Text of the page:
COLUMBIA — A Johnson & Johnson subsidiary should pay the state $136 million over deceptive drug marketing of an anti-psychotic drug, South Carolina’s highest court ruled this week, upholding penalties against the company but reducing the amount.
The decision by the state Supreme Court more than halved the original penalties levied against Janssen Pharmaceuticals, Inc., by a Spartanburg County jury.
In 2011, a trial court ordered the drugmaker to pay $327 million, saying Janssen broke the law by downplaying to doctors the links between diabetes and Risperdal and by improperly claiming the drug was safer than competing medications, like Eli Lilly & Co.’s Zyprexa.
Circuit Judge Roger Couch assessed a $300 penalty per sample box of the drug that was distributed. He also assessed a $4,000 penalty per publication of the “Dear Doctor” letter, writing that Janssen knew Risperdal was associated with health problems but intentionally hid studies to that effect, instead telling doctors their drug led to lower incidence of diabetes and weight gain than a competing medicine.
That total penalty was the largest drug marketing award in state history and the largest penalty levied for violations of the South Carolina Unfair Trade Practices Act.
Risperdal was introduced in 1994 as a “second-generation” anti-psychotic drug, and it earned Johnson & Johnson billions of dollars in sales before generic versions became available. The drug is used to treat schizophrenia, bipolar disorder and irritability in autism patients.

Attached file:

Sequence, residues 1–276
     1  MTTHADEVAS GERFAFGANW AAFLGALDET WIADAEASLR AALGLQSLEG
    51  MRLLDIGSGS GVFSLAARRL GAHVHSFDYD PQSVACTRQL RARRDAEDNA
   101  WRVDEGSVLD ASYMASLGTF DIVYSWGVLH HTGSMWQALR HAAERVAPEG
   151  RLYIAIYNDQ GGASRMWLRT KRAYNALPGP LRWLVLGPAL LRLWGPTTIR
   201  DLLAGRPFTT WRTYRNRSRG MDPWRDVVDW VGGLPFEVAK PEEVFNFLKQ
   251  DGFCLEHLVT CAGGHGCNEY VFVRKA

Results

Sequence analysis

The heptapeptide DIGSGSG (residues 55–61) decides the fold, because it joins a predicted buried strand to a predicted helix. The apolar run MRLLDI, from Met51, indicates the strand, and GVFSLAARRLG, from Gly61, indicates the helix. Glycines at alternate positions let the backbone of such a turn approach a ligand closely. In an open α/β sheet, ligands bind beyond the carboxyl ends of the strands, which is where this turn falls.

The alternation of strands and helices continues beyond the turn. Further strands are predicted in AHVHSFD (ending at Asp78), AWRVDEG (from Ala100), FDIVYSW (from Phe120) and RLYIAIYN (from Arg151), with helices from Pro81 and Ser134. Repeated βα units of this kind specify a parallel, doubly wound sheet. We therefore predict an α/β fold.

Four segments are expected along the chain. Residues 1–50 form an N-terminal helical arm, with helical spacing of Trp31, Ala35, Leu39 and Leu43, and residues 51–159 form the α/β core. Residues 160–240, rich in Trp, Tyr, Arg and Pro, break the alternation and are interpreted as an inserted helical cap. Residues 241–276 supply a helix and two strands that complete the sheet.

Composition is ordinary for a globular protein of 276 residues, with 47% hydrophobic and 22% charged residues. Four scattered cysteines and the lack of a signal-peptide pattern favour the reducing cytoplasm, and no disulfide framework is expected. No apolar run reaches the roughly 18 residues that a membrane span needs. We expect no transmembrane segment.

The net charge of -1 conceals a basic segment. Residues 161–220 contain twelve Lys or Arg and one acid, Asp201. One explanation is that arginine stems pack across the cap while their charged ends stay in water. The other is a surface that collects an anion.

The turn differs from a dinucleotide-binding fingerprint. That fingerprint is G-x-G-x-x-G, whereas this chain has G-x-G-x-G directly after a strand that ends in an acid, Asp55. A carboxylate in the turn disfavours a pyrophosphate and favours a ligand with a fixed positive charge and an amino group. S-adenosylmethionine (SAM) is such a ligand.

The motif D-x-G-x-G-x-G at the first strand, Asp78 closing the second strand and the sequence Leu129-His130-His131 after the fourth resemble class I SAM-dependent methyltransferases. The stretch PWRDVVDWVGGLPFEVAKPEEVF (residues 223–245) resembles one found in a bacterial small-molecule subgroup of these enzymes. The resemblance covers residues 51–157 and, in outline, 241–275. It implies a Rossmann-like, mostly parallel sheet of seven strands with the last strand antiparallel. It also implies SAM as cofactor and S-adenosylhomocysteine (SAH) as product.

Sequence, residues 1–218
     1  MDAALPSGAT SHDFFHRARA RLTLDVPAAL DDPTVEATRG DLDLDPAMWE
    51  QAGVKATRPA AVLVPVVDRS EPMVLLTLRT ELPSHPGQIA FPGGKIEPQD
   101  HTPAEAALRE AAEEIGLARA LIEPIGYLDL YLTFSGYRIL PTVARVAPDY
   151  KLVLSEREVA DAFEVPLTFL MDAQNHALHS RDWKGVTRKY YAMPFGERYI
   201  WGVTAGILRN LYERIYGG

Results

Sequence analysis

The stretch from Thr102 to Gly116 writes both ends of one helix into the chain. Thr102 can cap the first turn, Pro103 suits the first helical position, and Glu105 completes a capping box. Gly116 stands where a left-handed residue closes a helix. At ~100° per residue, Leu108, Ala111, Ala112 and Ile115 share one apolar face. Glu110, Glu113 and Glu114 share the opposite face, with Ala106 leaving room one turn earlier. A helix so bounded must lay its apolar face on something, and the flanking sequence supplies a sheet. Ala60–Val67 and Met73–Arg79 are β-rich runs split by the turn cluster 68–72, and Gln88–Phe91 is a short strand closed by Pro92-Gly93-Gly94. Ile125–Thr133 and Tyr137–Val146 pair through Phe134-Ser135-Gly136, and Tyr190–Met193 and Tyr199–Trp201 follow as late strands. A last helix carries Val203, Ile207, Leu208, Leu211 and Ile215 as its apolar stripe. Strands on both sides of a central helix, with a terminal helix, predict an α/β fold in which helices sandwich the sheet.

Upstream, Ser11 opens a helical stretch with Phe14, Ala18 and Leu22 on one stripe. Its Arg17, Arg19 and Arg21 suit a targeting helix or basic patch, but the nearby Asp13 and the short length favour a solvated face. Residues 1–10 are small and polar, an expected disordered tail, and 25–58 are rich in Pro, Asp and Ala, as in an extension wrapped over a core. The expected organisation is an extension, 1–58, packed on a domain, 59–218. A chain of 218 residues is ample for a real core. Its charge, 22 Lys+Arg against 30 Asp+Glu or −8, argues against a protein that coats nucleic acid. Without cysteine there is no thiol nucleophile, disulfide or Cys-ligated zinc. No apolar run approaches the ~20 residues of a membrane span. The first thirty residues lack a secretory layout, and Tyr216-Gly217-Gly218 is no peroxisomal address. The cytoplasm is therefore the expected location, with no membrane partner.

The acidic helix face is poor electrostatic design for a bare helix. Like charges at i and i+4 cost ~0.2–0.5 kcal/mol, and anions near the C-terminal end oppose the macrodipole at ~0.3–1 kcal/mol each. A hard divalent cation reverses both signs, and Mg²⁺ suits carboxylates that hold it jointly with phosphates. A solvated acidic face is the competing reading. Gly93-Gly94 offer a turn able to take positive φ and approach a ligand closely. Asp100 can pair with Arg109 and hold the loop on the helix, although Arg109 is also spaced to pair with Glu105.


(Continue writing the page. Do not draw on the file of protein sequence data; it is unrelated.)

During a hearing in 2013, attorneys for the drug company argued before the South Carolina Supreme Court that the award should be overturned, saying Janssen - a subsidiary of New Brunswick, New Jersey-based Johnson & Johnson - didn’t mean any harm and hurt no one. Drug company representatives did not immediately return a message seeking comment on the high court’s decision.
This week, the justices said the penalty must be reduced because of South Carolina’s three-year statute of limitations on such cases.
“It was error to award the State civil penalties for violations in connection with the labeling claim outside the statute of limitations,” the court wrote. “An award for civil penalties within the statute of limitations was proper.”
In 2013, Janssen announced a $181 million settlement with 36 states and the District of Columbia. Janssen admitted no wrongdoing, and South Carolina was not part of that deal.
Last year, the Arkansas Supreme Court declined to reconsider its decision that threw out a $1.2 billion judgment against the company over allegations it violated the state’s unfair trade practices act in improperly marketing Risperdal. A year ago, the Louisiana Supreme Court overturned a $330 million verdict against Janssen.
Janssen agreed to pay $5.9 million to settle a lawsuit with Montana. Two similar cases in Pennsylvania and West Virginia were eventually dismissed.